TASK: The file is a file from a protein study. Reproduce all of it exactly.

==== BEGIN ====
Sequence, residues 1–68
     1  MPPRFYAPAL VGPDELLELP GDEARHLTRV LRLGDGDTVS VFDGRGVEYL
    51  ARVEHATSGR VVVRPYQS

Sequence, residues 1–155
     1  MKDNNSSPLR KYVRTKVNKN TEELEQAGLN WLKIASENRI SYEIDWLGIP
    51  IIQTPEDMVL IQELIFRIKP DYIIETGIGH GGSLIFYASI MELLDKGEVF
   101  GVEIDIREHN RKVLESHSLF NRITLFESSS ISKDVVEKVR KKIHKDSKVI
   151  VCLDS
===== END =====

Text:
Sequence, residues 1–68
     1  MPPRFYAPAL VGPDELLELP GDEARHLTRV LRLGDGDTVS VFDGRGVEYL
    51  ARVEHATSGR VVVRPYQS

Sequence, residues 1–155
     1  MKDNNSSPLR KYVRTKVNKN TEELEQAGLN WLKIASENRI SYEIDWLGIP
    51  IIQTPEDMVL IQELIFRIKP DYIIETGIGH GGSLIFYASI MELLDKGEVF
   101  GVEIDIREHN RKVLESHSLF NRITLFESSS ISKDVVEKVR KKIHKDSKVI
   151  VCLDS